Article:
By beating the Knicks this past Sunday, this year’s Heat squad proved one thing: that no one in the East will stop them from going to the NBA Finals.
Their 99-93 triumph over New York, in front of the always-surly Garden faithful, pushed their winning streak to fourteen straight games, matching the franchise-high in that regard. It was also a statement game for the Heat, with James, Wade and co. coming all the way back from a 14-point second-half deficit and signaling to the rest of the league that any championship hopeful in the Association will have to go through them in order to get it.
They also did it, for risk of sounding pompous, the “right way”. They forced New York into committing 18 turnovers, well above their league-best season average in that category by playing fundamentally sound and aggressive defense. They also baited the Knicks into hoisting up a plethora of long-distance attempts at the end of the shot clock, who finished the game a dismal 8-29 from three-point range. Most importantly, they displayed the key characteristic that all successful playoff teams have: tenacity. After getting torched for 37 points in the second quarter, Miami stormed back after halftime and outscored New York 54-34 in the final 24 minutes. Chris Bosh was a microcosm of the game as a whole, recovering from an abysmal first half to give the Heat a much-needed scoring boost and ended the game with 16 points.
James was his usual brilliant self, finishing with 29 points and 11 rebounds while also clamping down on Carmelo Anthony defensively, who made just 9-19 from the field at game’s end. Wade pitched in with 20 points and Shane Battier continued his stellar play as of late, putting in 12 points off the bench. In fact, the team stats were pretty similar by the time the final buzzer sounded at MSG, but the Heat’s key cogs showed that superstar intangibles still matter when wins are on the line.
Unfortunately for the Heat haters, it looks like more Miami dominance is just around the bend. Only four of their next ten games are against playoff teams and only one is against a division leader, the latter being the much-anticipated Pacers match-up on March 10. It looks like a clear path to another first-place finish in the East for the Heat, with New York and Indiana holding onto precarious division leads over Brooklyn and Chicago respectively. Even if Rose is able to return to the Bulls’ lineup, which is looking less and less likely with each passing nanosecond, it doesn’t look like any team in the East will pose much of a threat to the giants of South Beach.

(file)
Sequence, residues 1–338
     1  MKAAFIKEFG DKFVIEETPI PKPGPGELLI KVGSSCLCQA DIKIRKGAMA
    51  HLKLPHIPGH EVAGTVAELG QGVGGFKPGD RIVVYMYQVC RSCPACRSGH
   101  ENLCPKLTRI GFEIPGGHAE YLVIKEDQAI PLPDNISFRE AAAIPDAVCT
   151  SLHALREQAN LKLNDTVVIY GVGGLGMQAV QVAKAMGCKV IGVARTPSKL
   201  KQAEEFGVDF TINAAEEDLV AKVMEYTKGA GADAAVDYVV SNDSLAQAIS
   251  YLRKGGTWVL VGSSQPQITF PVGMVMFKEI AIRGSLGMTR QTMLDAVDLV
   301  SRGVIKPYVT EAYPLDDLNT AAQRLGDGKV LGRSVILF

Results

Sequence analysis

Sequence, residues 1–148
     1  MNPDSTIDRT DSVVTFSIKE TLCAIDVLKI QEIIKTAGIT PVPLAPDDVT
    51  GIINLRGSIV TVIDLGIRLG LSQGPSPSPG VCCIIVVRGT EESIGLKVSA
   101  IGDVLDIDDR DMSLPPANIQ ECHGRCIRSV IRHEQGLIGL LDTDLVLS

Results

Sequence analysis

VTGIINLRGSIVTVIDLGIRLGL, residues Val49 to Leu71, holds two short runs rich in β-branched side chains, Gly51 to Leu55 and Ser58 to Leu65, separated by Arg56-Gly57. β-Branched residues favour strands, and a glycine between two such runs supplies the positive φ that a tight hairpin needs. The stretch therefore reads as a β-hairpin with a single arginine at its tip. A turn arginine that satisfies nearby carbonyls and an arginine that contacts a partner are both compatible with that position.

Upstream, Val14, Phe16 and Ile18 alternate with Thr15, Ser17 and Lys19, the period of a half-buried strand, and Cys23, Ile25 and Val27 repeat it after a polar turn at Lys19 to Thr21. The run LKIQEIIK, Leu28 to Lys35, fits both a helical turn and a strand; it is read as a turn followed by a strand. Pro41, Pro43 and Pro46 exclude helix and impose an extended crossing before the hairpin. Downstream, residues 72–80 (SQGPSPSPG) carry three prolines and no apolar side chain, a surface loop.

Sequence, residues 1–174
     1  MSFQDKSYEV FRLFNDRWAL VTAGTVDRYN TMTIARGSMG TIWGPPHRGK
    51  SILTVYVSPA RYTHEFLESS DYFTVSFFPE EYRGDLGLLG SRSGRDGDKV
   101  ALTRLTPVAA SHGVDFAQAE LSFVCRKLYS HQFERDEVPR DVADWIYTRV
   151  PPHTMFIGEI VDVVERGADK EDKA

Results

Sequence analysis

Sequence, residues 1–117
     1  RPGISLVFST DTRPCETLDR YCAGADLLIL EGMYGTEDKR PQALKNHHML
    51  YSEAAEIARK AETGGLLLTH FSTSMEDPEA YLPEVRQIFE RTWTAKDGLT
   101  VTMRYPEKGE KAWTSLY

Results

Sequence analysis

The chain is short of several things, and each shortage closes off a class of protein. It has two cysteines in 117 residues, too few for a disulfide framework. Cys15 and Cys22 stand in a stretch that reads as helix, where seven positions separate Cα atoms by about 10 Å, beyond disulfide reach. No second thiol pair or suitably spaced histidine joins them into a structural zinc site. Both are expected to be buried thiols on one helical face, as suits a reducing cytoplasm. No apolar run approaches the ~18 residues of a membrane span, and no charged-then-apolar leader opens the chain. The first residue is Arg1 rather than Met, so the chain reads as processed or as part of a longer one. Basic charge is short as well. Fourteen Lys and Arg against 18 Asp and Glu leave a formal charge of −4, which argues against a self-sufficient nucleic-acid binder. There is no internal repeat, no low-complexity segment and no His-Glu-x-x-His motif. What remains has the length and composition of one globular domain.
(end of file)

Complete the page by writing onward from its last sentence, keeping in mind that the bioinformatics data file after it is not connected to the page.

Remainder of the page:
The Western Conference favorites shouldn’t be taking Miami lightly either. In fact, the Heat have a chance to sweep all four games against San Antonio and Oklahoma City, with their second and final meeting with the Spurs likely to be Parker-less (Parker is likely out 4-5 weeks with a severe ankle sprain). Even the Clippers, who own the NBA season-high winning streak this year at 17 straight wins, are a distant third on the Western conference totem pole and seem the least likely to meet Miami in the NBA Finals. Finally, there’s also the fact that last year’s Miami-OKC Finals brouhaha wasn’t all that close, and roster-wise, Miami is reloaded and seemingly better-equipped to deal with the Thunder this year if it ends up being a rematch this year. LeBron is playing at an All-Universe level, Dwayne Wade’s game has come around after a sluggish start, and Chris Bosh still has one of the best strokes of any big man in the league. With the added depth of Ray Allen and an improving Norris Cole coming off the bench, the rest of the league’s elite would be wise to not sleep on the Heat.
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